Honda took a different approach to the open-class sport quad, and judging from its desert racing success, it definitely did something right.
When designing the TRX700XX the Honda crew decided to take the road less traveled. The question is, “should they have?” The murdered-out TRX is a definite departure from conventional sport quad thinking. Honda engineers did away with the straight rear axle and swingarm found on the majority of sport ATVs, replacing it with double wishbone independent rear suspension. With two Baja 1000 wins they must have gotten it right. Right?
The short answer is, “sort of.” The suspension works well in some situations and is sub-par in others. Let’s get into where it excels first. If you spend most of your time smashing through uneven, choppy terrain while sitting down, this is the ride for you. The fully independent rear suspension works wonders in situations where one wheel is being shoved towards the sky while the other is dropping into a hole. The shocks are plush and soak up stutter bumps and rocky sections very well. You can even sit down through most of it. It’s really does shine in this respect, but so does the Rincon for that matter – Honda’s big-bore utility quad. There lies the problem. When you buy a sport ATV you want to be able to do more than be comfortable in the chunky bits. There’s jumping, bombing through whoops and power-sliding to consider. If you want to sit down and plunk around in the rocks, Big Red offers other options, and with 4WD.
Once the 700XX encounters any standard sport quad terrain, things begin to go wrong. First, power-slides are unpredictable at best. The rear suspension allows the TRX to roll as it’s pitched into a slide. Once the roll is in effect, the outside rear tire grabs serious traction. This results in one of two undesired scenarios. One, the 700XX ends up going straight while you are trying to turn, which is the lesser of two evils. Two, the tire hooks up and pitches the ATV up onto two wheels. Bicycling a 505-pound ATV at speed is not a desirable thing to do.
Independent rear suspension allows for increased ground clearance when articulating through rough terrain. However, once the speeds pick up, the shocks do not provide a confident slide, wanting to bite on the outside tire and upset the chassis. Honda decided to use relatively inexpensive suspension, which we think is a mistake. The TRX needs more adjustability.
When you really start hammering the whoops and chop, the rear end protests by kicking badly. With only pre-load adjustment available on the front and rear shocks, there’s no chance of sorting out the bucking suspension woes. The engineers may have had it right with the independent concept, but the bean counters got it wrong. Skimping out on suspension adjustability really hurts the Honda’s performance and fun factor. We would expect the Honda to be much closer in handling performance to the Raptor with a good set of aftermarket shocks.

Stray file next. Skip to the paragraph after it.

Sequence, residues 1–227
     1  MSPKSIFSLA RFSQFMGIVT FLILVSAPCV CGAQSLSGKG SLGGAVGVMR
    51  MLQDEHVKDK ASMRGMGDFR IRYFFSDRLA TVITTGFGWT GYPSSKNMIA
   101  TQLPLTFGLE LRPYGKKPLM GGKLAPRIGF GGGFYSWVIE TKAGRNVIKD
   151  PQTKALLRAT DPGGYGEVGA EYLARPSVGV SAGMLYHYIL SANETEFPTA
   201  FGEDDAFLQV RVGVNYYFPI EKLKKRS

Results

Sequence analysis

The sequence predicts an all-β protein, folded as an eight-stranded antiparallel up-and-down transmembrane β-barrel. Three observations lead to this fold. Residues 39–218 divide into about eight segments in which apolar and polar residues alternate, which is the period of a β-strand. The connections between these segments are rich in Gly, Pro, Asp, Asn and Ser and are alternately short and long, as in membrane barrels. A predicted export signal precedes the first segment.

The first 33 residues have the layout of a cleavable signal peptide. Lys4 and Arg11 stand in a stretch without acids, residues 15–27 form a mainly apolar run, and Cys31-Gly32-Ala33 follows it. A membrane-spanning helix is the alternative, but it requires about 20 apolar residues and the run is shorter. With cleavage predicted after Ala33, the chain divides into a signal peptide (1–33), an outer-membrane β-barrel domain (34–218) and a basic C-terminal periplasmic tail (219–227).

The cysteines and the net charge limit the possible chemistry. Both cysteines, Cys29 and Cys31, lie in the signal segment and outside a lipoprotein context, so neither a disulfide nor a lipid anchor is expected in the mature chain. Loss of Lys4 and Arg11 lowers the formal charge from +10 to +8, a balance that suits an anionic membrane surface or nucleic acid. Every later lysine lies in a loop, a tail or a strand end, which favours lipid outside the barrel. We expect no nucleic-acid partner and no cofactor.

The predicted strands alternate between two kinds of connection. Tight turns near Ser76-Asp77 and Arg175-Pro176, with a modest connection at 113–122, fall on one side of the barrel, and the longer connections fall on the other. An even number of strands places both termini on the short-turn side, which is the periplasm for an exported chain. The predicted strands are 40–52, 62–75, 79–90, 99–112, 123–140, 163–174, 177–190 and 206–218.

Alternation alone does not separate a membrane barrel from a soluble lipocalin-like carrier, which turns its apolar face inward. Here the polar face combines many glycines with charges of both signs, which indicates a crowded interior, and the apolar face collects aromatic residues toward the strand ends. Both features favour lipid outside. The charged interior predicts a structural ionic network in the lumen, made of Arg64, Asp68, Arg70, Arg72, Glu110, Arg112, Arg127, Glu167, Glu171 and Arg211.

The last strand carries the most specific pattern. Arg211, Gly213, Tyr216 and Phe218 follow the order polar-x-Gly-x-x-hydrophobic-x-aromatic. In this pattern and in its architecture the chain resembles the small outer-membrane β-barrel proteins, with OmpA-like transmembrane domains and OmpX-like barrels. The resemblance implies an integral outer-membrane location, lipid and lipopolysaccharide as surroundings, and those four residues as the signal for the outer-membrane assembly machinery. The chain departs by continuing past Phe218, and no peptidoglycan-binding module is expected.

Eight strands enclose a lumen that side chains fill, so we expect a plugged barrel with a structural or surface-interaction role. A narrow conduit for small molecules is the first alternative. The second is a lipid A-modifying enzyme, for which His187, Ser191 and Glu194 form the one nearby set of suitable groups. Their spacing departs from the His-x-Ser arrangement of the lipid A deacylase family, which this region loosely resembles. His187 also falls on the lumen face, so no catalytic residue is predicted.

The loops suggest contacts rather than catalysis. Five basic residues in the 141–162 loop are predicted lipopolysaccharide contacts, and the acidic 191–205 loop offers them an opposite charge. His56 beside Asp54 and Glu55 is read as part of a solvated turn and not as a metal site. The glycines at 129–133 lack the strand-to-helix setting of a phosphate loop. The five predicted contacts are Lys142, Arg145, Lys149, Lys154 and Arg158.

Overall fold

Make sure to check these ATVs in action in our 2010 Honda TRX700XX vs Yamaha Raptor 700R Comparison Review Video.
In the air the Honda flies straight and landings are plush, as long as the two back tires touch down at the same time. Landing one-wheel-first while on the gas can cause the TRX to veer off its intended line. The rear tires really direct the path of travel. In many situations there are so many off-the-wall handling issues that it makes you wonder how good this ATV could be with a straight axle and swing-arm.
The TRX’s 686cc single-overhead-cam loves to be revved out. The bottom and mid-range power is not as punchy as the Raptor despite turning higher numbers throughout the rev range on the Two Brothers Racing dyno. However, long after the Yamaha signs off, the Honda is still pulling. In the tight woods and turns the double-X requires constant rowing through the gearbox to keep the revs up in the meat of the power. We experienced a hiccup and stall issue with our test unit that became frustrating. A quick stab of the throttle from a dead stop would cause the Honda to cough and die about 10% of the time, always when you least expected it. We suspect the TRX is too lean on the bottom end of the fueling map.
The motor likes to be screamed, which works well in open terrain. Once the pace slows down in technical situations, the TRX needs a lot of shifting, which is fine because the transmission is great.
The transmission is pure Honda quality, smooth as silk. Shifting through the gears is trouble free, which is good since the Honda’s transmission will get a workout. The ratios are spaced well and you are not left looking for another gear on the top end like the Raptor. Shifting into reverse is easy, but the reverse lever positioning was not a favorite of our testers. The lever is somewhat hidden down low between the tank and front fender. Reaching for the lever just feels awkward in comparison to the Raptor’s well-placed knob.
The styling of the TRX is funky, but grew on us as the test progressed. Black plastics look great but scratches easily, but the seat is uber-comfortable with thick padding that’s just right in the stiffness department. The cockpit area felt cramped for our taller testers in the six-foot range. The parking brake is the same set-up Honda has been using for decades; a procedure of pushing a button down on the clutch lever, pull the lever in, and then flip a cover over the button. The Yamaha’s single flip lever is so much easier to use. Where the 700R has a digital dash with a speedometer, odometer, and trip meters, the 700XX falls short with just four indicator lights on the handlebar-mounted dash.
2010 Honda TRX700XX vs Yamaha Raptor
2010 Honda TRX700XX Comparison
2010 Yamaha Raptor 700R SE Comparison